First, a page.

Another major and challenging industry where NSK branched into was the Japanese Shinkansen, or high-speed railway, which JR started operating just before the Tokyo Olympic Games in 1964. That was another challenge for us: we had to come up with bearing designs, which could withstand and endure extremely high-speed specifications. By working within these high demanding industries and with these companies, NSK developed a wide range of sophisticated technologies; and today, based upon these accumulated technologies we are able to work with US, European, and even Chinese companies to offer them all-encompassing solutions.


NSK’s share price has risen from approx. 450 yen per share to now more than 1,000 yen per share representing an impressive growth of more than double over the last four years. What do you think have been the key drivers behind such impressive growth?

Firstly, we were able to capture the growth opportunities in growing economies, such as Asia, and in particular China and India. We were probably one of the first bearing companies to go out to China and produce bearings there. Today, NSK is amongst the top manufacturers in China due to its past early investments in this market, which enabled us to capture growth opportunities in China as China itself grew.

Secondly, during these last four or five years, we were able to grow and develop our business – not just bearings, but also electrical power steering (EPS). Power steering used to be hydraulic power-assisted steering, but in order to make vehicles more fuel-efficient and environmentally friendly, automotive makers started to use electric power steering more and more in their vehicles. We first started development of this EPS technology about 30 years ago, but the market penetration at that time was very slow. It was only in the early 1990s that our automotive customers started to use EPS in their vehicles; but still they considered EPS too expensive compared to the existing hydraulic system. In the 21st century, automotive makers have become more fuel economy-minded and environmentally friendly, which has seen the approximate market penetration of EPS grow to around 70% today. As a pioneer of EPS we are able to enjoy a good market position and are currently ranked #2. The EPS business has grown considerably over the past four or five years, particularly in China, which has almost doubled. So geographically speaking, China is our largest market today, besides Japan, and most of our company’s growth, in terms of revenue and profits, comes from developing and growing economies.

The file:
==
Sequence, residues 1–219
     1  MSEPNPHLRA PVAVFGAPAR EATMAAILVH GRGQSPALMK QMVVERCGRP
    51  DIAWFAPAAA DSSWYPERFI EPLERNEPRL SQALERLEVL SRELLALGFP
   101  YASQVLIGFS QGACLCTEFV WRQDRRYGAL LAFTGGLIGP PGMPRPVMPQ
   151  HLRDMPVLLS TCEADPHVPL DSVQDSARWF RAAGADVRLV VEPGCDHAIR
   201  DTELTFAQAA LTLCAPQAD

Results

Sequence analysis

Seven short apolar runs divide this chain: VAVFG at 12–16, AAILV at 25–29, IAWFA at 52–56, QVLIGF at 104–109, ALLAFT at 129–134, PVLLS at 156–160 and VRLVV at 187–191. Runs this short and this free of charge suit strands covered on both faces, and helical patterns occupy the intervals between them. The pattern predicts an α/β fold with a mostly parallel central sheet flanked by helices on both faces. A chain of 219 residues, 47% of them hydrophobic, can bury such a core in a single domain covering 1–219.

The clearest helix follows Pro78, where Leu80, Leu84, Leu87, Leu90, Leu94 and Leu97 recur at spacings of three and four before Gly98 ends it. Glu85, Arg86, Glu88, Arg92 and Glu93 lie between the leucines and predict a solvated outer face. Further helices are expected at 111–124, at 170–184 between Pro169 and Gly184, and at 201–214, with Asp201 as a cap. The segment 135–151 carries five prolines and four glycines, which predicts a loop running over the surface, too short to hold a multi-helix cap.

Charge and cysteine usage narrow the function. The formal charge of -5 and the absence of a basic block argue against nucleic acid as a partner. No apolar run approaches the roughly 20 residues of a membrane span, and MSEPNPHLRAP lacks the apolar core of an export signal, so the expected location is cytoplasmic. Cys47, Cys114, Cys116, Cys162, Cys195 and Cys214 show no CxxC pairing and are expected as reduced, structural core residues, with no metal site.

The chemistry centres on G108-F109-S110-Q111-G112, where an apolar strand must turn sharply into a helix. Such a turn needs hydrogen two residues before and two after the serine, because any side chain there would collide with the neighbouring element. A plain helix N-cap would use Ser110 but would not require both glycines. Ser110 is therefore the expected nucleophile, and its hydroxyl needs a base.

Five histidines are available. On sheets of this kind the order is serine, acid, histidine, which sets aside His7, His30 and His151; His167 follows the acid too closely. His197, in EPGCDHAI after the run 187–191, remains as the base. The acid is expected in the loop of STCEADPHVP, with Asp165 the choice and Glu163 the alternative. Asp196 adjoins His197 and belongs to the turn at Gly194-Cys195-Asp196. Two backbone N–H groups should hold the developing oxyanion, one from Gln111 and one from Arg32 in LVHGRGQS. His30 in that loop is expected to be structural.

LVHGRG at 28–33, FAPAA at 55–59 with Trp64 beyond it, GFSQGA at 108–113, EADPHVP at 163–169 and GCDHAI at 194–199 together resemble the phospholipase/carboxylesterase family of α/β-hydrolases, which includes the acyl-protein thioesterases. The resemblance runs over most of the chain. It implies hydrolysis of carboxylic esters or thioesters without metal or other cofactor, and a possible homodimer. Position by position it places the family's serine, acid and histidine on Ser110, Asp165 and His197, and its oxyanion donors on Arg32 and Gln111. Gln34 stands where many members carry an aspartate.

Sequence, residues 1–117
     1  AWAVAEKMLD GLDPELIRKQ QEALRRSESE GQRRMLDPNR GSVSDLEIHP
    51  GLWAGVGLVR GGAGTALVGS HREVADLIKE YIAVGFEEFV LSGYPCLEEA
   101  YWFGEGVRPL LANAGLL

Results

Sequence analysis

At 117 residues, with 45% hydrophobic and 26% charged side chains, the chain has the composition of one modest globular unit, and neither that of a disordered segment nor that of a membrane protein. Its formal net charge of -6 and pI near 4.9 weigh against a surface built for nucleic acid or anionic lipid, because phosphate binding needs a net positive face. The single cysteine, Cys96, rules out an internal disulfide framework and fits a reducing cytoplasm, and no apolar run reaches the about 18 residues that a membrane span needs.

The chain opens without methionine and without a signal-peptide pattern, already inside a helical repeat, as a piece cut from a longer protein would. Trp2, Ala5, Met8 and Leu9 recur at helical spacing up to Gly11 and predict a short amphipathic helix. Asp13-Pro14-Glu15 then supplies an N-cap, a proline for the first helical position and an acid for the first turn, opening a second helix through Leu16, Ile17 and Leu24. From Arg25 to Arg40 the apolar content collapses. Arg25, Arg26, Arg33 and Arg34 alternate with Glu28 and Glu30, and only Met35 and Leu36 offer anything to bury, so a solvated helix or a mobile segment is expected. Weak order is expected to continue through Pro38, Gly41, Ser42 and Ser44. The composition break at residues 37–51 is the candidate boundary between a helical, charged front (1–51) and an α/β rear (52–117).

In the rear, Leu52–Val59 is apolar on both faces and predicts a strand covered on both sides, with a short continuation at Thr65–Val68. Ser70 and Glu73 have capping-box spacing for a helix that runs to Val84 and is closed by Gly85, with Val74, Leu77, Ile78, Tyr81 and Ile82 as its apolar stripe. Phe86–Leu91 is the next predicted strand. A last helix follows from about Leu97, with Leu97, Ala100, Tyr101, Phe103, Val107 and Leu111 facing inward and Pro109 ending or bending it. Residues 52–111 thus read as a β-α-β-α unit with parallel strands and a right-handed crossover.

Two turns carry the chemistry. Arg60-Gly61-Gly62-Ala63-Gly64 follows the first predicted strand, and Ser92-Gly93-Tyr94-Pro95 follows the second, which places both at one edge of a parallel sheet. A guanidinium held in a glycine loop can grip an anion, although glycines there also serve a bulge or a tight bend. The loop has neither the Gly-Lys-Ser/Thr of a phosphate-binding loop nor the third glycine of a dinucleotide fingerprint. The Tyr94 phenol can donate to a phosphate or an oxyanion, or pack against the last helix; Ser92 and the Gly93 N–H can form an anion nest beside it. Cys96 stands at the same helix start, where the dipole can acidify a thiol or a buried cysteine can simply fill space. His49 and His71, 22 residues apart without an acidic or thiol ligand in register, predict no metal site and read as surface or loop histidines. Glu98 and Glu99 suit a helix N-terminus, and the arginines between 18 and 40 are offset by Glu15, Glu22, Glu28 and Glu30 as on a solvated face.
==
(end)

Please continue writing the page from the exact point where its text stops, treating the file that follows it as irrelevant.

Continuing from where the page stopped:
You showed an encouraging 10% growth in operating income over the third quarter of the last fiscal year. How do you see the company’s positioning at the moment and how do you intend to move towards your next targets from next year?

Our financial performance for the last nine months has been pretty good; it has actually been the best over a nine-month period, helped tremendously by the weaker yen. However we are not satisfied with our performance over the third quarter (October to December) of 2015. The market demand has declined, especially in industrial machinery businesses, which has impacted our results. For example, the steel industry is not doing well, construction equipment is down, mining is down, energy is down, and electrical appliances is almost flat or down.